Rory McIlroy

Almost as extraordinary as Rory McIlroy’s golfing achievement this week is the response to him. When have you ever seen a sporting event in which everybody is rooting for the same competitor?

What Rory (we’re all on a first name basis with him now) achieved is remarkable. In a game where close contests are the norm, Rory lapped the field. He won the most difficult tournament of all, the U.S. Open, by 8 shots and produced the lowest-ever winning score in 111 years of the tournament. And he is only 22.

During the final round on Sunday and even the third round on Saturday, fans everywhere and even most of the other competitors in the tournament were cheering for him. Recall, this is not an Arnold Palmer, a beloved icon of golf who has cultivated the admiration of the golf-watching crowd for years. Rory has only been on the international stage for a couple of years. Yet chants of “Let’s go Rory!” accompanied him all along the fairways of the brutally difficult Congressional golf course outside of Washington, D.C.

Why? Of course, we like to see fresh-faced, young athletes conquer seasoned veterans in sports. But what made Rory special during Open week was not his great success. It was his failure. Only two months earlier, Rory had blown a 4-shot lead at the Masters. He had played brilliantly for three days. Then he collapsed. The pressure got to him, especially on the back nine, and the seemingly flawless swing fell apart. He landed with a thud, and without the championship he had seemed destined to win.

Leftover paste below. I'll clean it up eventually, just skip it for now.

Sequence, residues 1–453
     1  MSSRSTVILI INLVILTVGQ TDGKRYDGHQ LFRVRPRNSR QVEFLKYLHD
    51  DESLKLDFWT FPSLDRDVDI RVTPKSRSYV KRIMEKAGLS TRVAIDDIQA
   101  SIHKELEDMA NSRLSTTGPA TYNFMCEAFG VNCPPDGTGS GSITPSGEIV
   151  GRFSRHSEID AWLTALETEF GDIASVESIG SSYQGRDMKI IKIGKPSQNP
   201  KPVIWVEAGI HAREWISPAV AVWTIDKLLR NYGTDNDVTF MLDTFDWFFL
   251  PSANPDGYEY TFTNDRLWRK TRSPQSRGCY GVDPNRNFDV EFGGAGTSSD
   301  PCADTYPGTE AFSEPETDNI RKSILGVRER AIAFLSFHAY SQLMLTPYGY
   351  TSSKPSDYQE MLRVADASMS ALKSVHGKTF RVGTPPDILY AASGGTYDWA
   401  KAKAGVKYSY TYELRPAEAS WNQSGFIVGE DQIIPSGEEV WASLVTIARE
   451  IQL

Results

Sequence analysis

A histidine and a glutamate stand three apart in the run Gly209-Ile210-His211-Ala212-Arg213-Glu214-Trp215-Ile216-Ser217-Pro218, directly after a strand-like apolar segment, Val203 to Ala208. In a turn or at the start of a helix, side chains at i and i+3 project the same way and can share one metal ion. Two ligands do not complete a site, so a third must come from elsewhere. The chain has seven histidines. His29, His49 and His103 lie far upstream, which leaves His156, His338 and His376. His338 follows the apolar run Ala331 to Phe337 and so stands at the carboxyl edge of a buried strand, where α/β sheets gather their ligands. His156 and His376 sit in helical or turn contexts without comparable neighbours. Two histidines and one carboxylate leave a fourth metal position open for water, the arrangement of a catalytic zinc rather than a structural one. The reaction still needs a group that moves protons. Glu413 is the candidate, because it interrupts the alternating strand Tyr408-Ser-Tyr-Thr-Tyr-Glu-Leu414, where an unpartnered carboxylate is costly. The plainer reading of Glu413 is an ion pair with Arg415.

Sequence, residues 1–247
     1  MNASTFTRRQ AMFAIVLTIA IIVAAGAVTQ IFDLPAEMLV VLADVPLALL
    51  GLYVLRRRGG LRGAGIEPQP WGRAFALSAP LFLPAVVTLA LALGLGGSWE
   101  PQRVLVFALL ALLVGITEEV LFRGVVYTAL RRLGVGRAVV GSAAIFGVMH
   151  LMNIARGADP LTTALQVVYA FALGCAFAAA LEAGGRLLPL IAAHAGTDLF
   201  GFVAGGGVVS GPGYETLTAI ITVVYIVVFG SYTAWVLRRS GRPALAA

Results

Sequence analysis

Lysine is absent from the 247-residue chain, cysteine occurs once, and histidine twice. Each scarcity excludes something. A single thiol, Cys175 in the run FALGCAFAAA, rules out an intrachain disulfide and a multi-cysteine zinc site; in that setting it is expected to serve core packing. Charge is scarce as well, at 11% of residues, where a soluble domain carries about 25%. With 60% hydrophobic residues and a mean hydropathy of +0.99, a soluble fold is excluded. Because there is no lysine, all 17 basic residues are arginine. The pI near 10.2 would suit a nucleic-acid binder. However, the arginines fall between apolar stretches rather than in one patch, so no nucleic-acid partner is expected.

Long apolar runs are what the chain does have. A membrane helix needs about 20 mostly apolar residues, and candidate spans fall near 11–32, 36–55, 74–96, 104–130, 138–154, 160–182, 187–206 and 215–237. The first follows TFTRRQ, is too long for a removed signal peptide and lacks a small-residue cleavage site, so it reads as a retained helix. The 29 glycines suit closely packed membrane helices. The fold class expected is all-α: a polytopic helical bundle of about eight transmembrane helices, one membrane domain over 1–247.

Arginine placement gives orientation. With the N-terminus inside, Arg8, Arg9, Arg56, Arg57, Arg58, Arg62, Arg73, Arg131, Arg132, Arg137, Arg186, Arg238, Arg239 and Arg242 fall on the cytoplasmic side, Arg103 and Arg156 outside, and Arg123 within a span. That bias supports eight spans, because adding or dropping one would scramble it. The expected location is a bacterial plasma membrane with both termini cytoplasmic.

The conversation afterward was about his youth and inexperience on the great stage. But the feeling was compassion. Our hearts went out to this youthful competitor who seemed to have it all going his way, and then did not. We knew what he was going through because we’ve gone through the same thing ourselves in one fashion or another. Everyone who has ever failed in a great attempt has been there. To do it in front of millions on television inspired compassion in all of us. In failing to win on Masters Sunday Rory showed his vulnerability, his humanity, and we loved him for it.

That’s why when he took charge of the U.S. Open last week, so many were cheering for him. The story of a nice young kid conquering the seasoned pros and the record books would have been terrific anyway, but with Rory there was more. We had an emotional connection based on shared experience, the experience of trying and failing and trying again.

If you recall only a little more than a decade ago when Tiger Woods was the ascendant golfer, it was completely different. We admired Tiger’s dazzling skill. But we had not seen him fail in the same way. The feeling for him was admiration, not compassion. He was never like us to begin with. Which is why when he fell from grace, for more sordid reasons, there was so much less compassion for his troubles.

The personal connection that so many felt for Rory, a feeling of oneness at the emotional level, is central to the human emotional system. The people we like and the ones we love are those we feel that sense of connecting to. It is too soon to know what kind of career Rory will have and if that emotional connection will last. For now, Rory McIlroy is the nice kid who bounced back from failure to win the biggest tournament of all. The entire golfing world is happy for him.

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